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It's not just to sign the ketubah -- more importantly, you need two adult, Jewish, Sabbath-observant, unrelated men to witness him giving her the ring or else you don't have a marriage altogether. The rabbi can be one of the witnesses, and if he's attending a wedding where everyone's non-observant, he will usually know to bring a friend (who's not a close ...


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The ketubah, like any Jewish legal document, requires the signature of two witnesses. Besides being Jewish men who are unrelated to each other (or to the bride or groom), there are other qualifications. The Shulchan Arukh (חושן משפט הלכות עדות סימן לד) rules that רשע פסול לעדות A rasha is invalidated from serving as a witness What is a rasha? ...


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Pniniei Halocho of Rabbi Melamed defines valid witnesses. וכן אדם שאינו מזדהה עם הערכים שעליהם מבוססים הקידושין, היינו עם ערכי התורה, אינו יכול להיות עד בחתונה. ולכן אדם שחוטא בגילוי עריות, למשל, מקיים יחסים עם אשת איש, או עם אחותו או בתו וכדומה, פסול לעדות. וכן אדם שחשוד בגניבה פסול מלהיות עד, וכמובן שאין הבדל בין אדם שמתפרץ לבית חבירו בלילה ...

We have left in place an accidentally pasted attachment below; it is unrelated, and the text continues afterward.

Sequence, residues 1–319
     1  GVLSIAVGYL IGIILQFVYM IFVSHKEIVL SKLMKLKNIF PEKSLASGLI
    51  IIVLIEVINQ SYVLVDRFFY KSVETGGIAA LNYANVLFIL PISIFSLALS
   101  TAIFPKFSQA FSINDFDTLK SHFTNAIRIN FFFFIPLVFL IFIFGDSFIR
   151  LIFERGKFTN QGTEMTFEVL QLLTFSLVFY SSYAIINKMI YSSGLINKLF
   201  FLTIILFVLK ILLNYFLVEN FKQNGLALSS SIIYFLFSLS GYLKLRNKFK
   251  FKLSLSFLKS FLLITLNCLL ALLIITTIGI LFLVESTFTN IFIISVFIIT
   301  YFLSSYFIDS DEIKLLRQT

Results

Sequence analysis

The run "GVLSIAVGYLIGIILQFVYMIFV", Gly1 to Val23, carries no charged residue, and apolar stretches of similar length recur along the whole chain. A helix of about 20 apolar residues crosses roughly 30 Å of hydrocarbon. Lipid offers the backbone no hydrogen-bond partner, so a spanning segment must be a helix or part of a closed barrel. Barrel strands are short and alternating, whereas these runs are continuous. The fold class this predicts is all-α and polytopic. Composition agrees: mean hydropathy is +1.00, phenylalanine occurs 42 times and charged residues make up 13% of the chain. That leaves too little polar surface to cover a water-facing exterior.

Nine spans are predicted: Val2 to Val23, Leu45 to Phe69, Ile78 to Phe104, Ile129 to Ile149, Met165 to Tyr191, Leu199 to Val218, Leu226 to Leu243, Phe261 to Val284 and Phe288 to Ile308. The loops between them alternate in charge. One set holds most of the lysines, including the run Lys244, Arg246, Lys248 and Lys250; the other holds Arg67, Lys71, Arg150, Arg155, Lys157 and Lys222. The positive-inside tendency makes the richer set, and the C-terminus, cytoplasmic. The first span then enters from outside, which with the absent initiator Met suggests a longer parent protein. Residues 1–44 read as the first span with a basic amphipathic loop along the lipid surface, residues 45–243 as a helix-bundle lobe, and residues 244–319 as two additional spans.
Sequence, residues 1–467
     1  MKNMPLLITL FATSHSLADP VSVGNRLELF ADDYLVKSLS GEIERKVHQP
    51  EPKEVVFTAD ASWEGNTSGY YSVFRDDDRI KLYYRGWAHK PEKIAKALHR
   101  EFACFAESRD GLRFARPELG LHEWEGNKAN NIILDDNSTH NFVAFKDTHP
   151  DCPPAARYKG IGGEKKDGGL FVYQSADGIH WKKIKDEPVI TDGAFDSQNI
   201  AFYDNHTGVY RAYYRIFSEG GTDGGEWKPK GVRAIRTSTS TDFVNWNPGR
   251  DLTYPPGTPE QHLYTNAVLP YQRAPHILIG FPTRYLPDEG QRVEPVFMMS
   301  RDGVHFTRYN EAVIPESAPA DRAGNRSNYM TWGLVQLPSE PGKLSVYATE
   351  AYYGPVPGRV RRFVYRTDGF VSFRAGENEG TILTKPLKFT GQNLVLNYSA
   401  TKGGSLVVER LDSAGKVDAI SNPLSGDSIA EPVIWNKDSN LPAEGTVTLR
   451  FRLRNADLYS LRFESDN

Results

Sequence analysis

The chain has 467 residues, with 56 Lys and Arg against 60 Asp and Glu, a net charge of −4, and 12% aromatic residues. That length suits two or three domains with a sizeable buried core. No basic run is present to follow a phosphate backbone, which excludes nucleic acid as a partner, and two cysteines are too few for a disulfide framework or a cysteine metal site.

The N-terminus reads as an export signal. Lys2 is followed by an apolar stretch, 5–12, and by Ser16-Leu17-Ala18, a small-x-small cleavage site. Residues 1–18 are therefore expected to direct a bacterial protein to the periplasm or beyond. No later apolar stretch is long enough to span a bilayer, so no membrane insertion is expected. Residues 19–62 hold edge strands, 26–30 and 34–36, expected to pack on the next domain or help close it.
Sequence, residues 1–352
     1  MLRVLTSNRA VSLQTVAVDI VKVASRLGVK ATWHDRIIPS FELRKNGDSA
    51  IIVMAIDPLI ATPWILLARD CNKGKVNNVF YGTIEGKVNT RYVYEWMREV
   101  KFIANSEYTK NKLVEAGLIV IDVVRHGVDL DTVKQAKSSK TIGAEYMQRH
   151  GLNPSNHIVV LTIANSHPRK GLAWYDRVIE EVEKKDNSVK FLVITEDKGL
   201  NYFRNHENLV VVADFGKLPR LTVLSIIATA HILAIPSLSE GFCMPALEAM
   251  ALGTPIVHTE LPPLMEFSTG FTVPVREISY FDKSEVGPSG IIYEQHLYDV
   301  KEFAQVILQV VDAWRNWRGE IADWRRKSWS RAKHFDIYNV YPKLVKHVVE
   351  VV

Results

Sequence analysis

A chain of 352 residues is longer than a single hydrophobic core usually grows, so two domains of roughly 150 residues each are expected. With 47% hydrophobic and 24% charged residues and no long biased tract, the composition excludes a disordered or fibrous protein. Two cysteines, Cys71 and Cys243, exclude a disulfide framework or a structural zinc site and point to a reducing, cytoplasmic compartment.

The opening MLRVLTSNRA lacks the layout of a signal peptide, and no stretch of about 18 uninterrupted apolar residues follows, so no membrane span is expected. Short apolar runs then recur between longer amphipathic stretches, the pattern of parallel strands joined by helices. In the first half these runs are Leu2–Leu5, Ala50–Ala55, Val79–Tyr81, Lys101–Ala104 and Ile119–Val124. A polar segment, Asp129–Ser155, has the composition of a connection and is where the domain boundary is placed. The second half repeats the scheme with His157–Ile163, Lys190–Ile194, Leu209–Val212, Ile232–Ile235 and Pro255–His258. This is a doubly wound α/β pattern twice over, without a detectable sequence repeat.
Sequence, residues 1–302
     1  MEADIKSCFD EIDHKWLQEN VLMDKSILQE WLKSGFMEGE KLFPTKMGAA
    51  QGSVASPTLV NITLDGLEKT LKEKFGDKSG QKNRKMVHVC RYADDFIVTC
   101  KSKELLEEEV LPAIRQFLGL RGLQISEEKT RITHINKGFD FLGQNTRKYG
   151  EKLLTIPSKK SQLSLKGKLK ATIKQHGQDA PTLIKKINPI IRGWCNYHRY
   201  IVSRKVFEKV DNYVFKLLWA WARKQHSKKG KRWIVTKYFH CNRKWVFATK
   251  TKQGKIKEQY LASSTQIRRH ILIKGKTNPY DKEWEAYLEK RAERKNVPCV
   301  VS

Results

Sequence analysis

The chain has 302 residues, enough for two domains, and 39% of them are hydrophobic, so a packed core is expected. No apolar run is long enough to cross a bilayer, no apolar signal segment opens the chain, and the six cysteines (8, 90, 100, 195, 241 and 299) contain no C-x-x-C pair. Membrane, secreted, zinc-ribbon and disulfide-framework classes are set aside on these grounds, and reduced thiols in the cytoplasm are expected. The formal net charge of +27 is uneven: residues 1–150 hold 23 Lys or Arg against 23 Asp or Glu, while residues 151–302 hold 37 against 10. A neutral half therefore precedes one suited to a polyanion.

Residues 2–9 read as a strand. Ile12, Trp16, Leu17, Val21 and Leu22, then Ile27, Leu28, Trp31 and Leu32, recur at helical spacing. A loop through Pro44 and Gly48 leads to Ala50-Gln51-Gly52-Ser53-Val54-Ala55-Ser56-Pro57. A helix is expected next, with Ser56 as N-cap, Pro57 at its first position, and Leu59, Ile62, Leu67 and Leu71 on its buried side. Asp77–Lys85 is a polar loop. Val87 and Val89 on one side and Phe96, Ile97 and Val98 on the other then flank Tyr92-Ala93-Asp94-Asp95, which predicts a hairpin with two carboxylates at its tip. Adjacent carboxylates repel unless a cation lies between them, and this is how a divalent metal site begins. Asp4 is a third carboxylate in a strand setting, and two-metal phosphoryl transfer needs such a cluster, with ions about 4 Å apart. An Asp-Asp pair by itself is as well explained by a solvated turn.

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I received about a dozen Kiddush cups as wedding gifts. B"H, I have used almost all of them for some reason! Offhand, I see no problem with giving a couple a Kiddush cup for their wedding, regardless of whether family members do likewise. (Interestingly, I don't recall any family member giving me a Kiddush cup.) IMO, you can't have too many Kiddush cups. ...



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